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The European Causeway, which can carry up to 410 passengers, became adrift around five miles off Larne Harbour after it “lost all power”, the RMT union said.
The boat had been operating between Larne in Northern Ireland and Cairnryan in Scotland.
It left Cairnryan at midday with an unknown number of passengers onboard.
The ferry was due to arrive at Larne Harbour at 2pm but never arrived, prompting the RNLI to launch three lifeboats to attend the scene.
It is understood that the boat lost power as it attempted to embark on its voyage.
The coastguard later said power had been restored and the vessel was continuing its journey after spending hours adrift in the Irish Sea.
P&O tweeted that tugs from Larne and Belfast had been deployed to the vessel in the Irish Sea.
The company said the incident was caused by a mechanical issue that had been resolved.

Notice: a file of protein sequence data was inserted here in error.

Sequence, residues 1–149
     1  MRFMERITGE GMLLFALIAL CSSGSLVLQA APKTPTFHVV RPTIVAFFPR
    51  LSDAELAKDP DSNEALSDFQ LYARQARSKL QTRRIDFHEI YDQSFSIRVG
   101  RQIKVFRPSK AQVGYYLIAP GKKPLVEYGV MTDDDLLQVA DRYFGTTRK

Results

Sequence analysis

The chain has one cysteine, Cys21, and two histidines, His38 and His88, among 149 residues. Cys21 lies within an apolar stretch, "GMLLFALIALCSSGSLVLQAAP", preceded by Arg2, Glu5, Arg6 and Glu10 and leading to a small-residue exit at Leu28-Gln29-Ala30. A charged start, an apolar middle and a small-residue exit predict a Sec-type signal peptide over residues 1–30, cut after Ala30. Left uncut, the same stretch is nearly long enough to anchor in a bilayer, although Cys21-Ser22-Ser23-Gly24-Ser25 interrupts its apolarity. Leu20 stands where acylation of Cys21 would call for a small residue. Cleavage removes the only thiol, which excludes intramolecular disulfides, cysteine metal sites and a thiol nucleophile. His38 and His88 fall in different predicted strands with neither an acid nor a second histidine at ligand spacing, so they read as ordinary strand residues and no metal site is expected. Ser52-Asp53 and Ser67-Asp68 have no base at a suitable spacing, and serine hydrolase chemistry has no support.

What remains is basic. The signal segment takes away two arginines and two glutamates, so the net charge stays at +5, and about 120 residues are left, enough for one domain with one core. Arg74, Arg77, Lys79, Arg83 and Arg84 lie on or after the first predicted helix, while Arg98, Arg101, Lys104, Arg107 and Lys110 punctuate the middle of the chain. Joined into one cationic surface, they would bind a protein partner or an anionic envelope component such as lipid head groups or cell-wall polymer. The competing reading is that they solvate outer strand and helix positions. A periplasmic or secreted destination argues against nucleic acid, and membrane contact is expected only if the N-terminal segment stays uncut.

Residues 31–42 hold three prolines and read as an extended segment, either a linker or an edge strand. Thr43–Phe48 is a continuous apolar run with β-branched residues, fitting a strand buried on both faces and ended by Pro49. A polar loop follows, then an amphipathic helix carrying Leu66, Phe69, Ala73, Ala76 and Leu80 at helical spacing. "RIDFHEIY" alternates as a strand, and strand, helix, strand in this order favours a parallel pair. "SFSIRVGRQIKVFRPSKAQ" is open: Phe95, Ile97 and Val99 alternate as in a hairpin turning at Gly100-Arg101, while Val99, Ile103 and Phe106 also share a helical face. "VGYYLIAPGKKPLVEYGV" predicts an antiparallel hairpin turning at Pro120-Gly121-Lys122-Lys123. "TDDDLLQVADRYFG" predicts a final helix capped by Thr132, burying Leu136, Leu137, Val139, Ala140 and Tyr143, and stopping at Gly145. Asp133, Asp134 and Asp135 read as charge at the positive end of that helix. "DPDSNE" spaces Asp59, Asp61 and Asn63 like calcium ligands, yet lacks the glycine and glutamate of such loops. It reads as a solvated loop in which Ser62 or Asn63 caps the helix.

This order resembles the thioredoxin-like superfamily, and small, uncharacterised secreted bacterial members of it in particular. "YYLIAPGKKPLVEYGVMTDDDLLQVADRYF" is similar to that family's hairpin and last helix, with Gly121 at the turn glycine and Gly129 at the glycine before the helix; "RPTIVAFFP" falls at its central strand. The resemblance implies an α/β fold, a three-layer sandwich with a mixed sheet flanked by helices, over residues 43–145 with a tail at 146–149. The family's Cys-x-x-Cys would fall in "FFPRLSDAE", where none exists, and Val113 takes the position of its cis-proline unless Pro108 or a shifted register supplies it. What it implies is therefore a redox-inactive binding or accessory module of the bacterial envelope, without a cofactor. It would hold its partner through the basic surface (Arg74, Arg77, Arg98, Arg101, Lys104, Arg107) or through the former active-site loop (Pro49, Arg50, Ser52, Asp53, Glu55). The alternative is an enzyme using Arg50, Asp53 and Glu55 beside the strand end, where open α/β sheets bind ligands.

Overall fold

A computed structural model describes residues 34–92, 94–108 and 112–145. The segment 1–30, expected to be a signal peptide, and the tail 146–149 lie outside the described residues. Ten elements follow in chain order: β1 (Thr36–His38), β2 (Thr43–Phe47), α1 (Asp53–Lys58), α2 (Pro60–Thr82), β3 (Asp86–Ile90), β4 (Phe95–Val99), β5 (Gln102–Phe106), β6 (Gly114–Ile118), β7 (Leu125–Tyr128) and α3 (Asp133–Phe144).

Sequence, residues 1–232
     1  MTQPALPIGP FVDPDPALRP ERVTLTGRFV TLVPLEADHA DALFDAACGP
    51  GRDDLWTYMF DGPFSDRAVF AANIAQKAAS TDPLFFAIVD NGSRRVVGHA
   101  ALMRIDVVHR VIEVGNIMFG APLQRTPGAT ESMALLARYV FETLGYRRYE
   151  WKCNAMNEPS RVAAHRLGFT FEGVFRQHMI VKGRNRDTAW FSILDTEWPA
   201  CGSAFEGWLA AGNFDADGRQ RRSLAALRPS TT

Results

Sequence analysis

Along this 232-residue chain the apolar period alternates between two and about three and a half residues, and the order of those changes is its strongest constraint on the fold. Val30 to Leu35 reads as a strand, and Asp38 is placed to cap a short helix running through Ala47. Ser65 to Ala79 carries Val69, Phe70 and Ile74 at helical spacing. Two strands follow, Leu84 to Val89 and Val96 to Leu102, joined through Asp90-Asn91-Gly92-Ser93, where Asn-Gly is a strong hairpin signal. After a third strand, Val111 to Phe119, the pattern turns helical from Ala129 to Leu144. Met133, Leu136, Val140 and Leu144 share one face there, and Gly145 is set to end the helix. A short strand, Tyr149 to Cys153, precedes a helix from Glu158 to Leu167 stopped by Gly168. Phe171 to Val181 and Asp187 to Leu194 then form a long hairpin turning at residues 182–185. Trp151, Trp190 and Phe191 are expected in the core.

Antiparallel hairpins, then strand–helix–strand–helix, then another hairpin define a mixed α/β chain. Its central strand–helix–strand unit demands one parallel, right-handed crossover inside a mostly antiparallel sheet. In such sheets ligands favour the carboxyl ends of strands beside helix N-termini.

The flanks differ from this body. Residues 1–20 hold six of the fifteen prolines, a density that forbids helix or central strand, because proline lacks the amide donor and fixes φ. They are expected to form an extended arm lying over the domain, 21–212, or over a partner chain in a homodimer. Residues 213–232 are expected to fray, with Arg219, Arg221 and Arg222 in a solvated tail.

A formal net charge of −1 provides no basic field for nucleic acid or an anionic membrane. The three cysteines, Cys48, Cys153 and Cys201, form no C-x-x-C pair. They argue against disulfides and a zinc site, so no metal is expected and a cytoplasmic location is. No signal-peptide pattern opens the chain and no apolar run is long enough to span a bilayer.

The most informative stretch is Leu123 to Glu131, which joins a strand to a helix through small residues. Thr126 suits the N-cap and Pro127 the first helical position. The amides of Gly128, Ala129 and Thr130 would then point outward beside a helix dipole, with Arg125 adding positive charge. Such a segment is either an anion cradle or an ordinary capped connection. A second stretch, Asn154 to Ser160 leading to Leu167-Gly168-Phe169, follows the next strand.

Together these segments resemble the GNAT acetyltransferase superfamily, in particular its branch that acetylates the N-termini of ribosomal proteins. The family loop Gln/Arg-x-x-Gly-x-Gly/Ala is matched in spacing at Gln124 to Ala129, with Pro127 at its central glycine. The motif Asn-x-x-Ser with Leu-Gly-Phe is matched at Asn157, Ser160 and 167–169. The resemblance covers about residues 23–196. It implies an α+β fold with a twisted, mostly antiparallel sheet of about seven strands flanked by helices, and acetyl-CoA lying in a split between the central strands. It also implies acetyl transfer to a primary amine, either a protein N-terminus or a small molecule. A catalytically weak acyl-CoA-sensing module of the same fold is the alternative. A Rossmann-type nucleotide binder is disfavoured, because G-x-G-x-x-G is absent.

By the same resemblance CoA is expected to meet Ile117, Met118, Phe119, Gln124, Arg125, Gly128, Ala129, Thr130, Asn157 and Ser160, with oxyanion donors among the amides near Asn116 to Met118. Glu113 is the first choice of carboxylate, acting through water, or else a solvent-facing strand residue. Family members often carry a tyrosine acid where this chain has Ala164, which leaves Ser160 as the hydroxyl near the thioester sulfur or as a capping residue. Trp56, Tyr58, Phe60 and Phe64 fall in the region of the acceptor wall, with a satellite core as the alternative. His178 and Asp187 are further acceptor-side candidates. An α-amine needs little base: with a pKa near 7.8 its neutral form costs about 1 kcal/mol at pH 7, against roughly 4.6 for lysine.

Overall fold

It said a full inspection would take place when the vessel docks in Larne.
A P&O spokesperson said: “Following a temporary mechanical issue, the European Causeway is now continuing on its scheduled journey to the Port of Larne under its own propulsion, with local tugs on standby, where it will discharge its passengers and cargo as planned.”
Shortly after, the coastguard said: “The European Causeway has restored power and is now heading into Larne under its own power following an earlier mechanical failure.
“The various teams and vessels are continuing to support the vessel as they escort her to port.”
The European Causeway failed a safety inspection at the end of March, when a report recorded 31 failures on the ferry including an inability to safely deploy lifeboats and life rafts.
The 22-year-old ferry was held in Larne by the Maritime and Coastguard Agency (MCA) from 25 March after an inspection raised safety concerns.
The MCA said it was concerned about “failures on crew familiarisation, vessel documentation and crew training”.
The Maritime and Coastguard Agency had only released the ship from detention on 8 April after a reinspection.
P&O has been in crisis over the last few months after the firm sacked 800 of its workers across the UK without notice.
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